Deans of Business Schools invited to the White House to discuss issues facing women
Deans of Business Schools at the White House
Credits : White House

Fourteen deans from top U.S. business schools were invited to the White House on April 16, 2014 to discuss how to make a better workplace for working families and women.

The Deans were invited to the White House in preparation to the summit on Working Families. Department of Commerce Secretary Penny Pritzker, Senior Advisor to the President Valerie Jarett and Director of the National Economic Council Jeffrey Zients also participed to the roundtable held in the West Wing of the White House.

They worked together to identify best practices to develop better workplaces for employees especially who have to balance work and family themselves.

"Business schools can certainly help foster leaders who create work environments that consider the needs of their employees," said Bill Boulding, dean of Fuqua School of Business at Duke University.

The topics of the 90-minute conversation covered the retention of female talent, the pay gap between men and women with MBA degrees in similar job positions, the timing of the business school in lifecycle... One of the main reason of is the lack of flexibility in the workplace to accomodate family responsabilities women who interrupt their careers mainly from motherhood are penalized.

The White House will compile a document of best practices from the session and will ask a larger group of business schools deans to sign it.

The deans invited to the summit were :

  • Maryam Alavi, Emory University (Goizueta)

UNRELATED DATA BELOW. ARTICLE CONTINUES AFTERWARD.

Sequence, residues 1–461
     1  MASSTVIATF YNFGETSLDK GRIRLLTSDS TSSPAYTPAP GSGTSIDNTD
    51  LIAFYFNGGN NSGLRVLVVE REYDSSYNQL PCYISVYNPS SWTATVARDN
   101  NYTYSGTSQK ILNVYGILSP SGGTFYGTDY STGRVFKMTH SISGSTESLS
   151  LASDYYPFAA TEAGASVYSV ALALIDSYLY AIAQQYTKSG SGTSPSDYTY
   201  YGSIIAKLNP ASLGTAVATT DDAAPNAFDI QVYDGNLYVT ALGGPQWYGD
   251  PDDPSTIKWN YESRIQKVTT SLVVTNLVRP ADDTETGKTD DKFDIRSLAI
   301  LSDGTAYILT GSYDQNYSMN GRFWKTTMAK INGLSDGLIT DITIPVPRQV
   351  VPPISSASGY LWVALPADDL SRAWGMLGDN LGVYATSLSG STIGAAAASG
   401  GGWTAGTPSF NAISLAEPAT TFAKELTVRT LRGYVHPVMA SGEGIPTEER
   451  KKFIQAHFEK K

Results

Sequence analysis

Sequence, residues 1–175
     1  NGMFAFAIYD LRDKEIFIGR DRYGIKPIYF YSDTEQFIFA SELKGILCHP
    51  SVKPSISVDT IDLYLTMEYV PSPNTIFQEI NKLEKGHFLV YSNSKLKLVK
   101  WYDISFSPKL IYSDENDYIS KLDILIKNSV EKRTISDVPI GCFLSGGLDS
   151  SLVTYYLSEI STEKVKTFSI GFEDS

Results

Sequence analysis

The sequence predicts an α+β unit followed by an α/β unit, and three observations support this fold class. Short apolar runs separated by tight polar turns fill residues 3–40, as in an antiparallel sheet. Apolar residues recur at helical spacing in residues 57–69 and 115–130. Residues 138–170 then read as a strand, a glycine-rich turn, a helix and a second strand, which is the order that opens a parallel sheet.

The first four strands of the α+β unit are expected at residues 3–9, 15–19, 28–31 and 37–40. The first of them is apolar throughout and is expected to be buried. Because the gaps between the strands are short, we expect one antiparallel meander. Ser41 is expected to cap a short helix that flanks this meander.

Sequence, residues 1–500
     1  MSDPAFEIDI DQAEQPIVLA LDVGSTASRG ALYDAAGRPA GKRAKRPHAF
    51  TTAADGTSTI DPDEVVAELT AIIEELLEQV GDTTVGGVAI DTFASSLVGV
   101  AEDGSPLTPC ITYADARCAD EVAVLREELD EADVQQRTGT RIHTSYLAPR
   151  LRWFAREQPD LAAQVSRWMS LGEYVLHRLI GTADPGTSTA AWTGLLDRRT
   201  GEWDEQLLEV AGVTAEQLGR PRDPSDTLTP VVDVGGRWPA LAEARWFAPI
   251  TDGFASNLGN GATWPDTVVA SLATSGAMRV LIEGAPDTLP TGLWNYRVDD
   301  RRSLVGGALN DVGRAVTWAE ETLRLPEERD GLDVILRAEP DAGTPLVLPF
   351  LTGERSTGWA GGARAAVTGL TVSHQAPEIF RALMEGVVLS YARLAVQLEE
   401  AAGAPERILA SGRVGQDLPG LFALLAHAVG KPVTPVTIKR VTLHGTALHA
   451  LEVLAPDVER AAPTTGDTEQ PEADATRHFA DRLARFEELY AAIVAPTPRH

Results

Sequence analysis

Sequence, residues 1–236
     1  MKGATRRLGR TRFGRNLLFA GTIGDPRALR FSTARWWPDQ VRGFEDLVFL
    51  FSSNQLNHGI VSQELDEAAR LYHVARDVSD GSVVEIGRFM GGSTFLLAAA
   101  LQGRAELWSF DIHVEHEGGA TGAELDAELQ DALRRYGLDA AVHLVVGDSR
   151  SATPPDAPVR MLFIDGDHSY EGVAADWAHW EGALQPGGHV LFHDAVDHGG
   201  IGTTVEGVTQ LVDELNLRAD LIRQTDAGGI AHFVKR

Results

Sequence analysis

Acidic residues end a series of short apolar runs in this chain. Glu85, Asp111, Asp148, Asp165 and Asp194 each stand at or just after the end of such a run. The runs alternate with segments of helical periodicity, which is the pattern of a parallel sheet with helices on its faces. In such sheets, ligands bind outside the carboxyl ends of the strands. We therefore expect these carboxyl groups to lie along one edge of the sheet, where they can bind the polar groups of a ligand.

• Sally Blount, Northwestern University (Kellogg)
  • William Boulding, Duke University (Fuqua)
  • Robert F. Bruner, University of Virginia (Darden)
  • Robert M. Dammon, Carnegie Mellon University (Tepper)
  • Alison Davis-Blake, University of Michigan, Ann Arbor (Ross)
  • Soumitra Dutta, Cornell University (Johnson)
  • Thomas W. Gilligan, University of Texas, Austin (McCombs)
  • Peter Blair Henry, New York University (Stern)
  • Richard K. Lyons, University of California, Berkeley (Haas)
  • Nitin Nohria, Harvard Business School
  • Judy D. Olian, University of California, Los Angeles (Anderson)
  • Douglas A. Shackelford, University of North Carolina, Chapel Hill (Kenan-Flagler)
  • Edward A. Snyder, Yale University

School Profiles

Emory University - Goizueta Business School

Northwestern University - Kellogg School of Management

Duke University - Fuqua School of Business

University of Virginia - Darden School of Business

Carnegie Mellon University - Tepper School of Business

The University of Michigan-Ann Arbor - Ross School of Business

Cornell University - Johnson College of Business

The University of Texas at Austin - McCombs School of Business

New York University (NYU) - Stern School of Business

University of California, Berkeley - Haas School of Business

Harvard Business School

University of California, Los Angeles (UCLA) - Anderson School of Management

UNC Kenan-Flager - The University of North Carolina at Chapel Hill - Kenan-Flagler Business School

Yale School of Management - Yale University

See also